Homemade cleansers

In view of the toxic nature of all cleaning chemicals we use at home, whether with immediate or delayed effects not obvious until years down the line, the old-fashioned non-chemical scrubbing and cleaning methods used by our great grandparents and theirs for centuries are becoming more and more popular today.

Water, the universal solvent, is the main vital ingredient in cleansing. To a gallon of water, add one ounce (30 cc) of vinegar and a teaspoon (5 cc) of liquid soap, creating your own overall spray cleansing agent at home. An ounce (30 cc) of 3 percent hydrogen peroxide (H2O2) in one gallon of water is also a safe cleansing agent at home. The peroxide breaks down to H2O (water) and extra oxygen. Both are not only effective cleansing agents but safer, and lesser expensive. An ounce (30cc) of regular 70 percent alcohol to a gallon of water is also safer than any those chlorinated agents, Lysol, etc. These toxic agents also harm our environment (air, soil, water).

This will certainly appear to be one retrogressive step, but, ultimately, I am sure, it will be evident that this is a great leap forward that will actually spell progress and safety.

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Philip S. Chua, MD, FACS, FPCS, Cardiac Surgeon Emeritus in Northwest Indiana and chairman of cardiac surgery from 1997 to 2010 at Cebu Doctors University Hospital, where he holds the title of Physician Emeritus in Surgery, is based in Las Vegas, Nevada. He is a Fellow of the American College of Surgeons, the Philippine College of Surgeons, and the Denton A. Cooley Cardiovascular Surgical Society. He is the chairman of the Filipino United Network – USA, a 501(c)(3) humanitarian foundation in the United States. Email: scalpelpen@gmail.com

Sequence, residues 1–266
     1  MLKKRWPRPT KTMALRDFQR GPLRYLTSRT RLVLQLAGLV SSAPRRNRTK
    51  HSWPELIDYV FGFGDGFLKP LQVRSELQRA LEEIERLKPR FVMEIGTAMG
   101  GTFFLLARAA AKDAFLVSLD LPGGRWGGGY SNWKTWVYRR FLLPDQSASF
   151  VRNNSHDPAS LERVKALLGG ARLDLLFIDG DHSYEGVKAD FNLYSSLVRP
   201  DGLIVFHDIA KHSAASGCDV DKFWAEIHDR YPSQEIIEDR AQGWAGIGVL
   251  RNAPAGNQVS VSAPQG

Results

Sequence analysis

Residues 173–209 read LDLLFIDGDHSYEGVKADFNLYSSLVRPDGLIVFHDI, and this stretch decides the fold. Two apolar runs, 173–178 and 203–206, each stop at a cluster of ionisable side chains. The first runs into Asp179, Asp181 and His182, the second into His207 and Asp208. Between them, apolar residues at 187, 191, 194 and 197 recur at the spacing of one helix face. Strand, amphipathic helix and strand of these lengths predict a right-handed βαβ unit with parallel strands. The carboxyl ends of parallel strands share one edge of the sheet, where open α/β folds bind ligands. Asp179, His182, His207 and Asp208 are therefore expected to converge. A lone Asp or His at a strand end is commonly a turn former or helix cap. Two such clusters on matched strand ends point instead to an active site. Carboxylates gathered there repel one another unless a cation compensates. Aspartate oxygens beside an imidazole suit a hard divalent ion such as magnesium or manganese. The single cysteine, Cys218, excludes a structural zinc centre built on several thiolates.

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Dr. Philip S. Chua
Dr. Philip S. Chua

Philip S. Chua, MD, FACS, FPCS, Cardiac Surgeon Emeritus in Northwest Indiana and chairman of cardiac surgery from 1997 to 2010 at Cebu Doctors University Hospital, where he holds the title of Physician Emeritus in Surgery, is based in Las Vegas, Nevada. He is a Fellow of the American College of Surgeons, the Philippine College of Surgeons, and the Denton A. Cooley Cardiovascular Surgical Society. He is the chairman of the Filipino United Network – USA, a 501(c)(3) humanitarian foundation in the United States.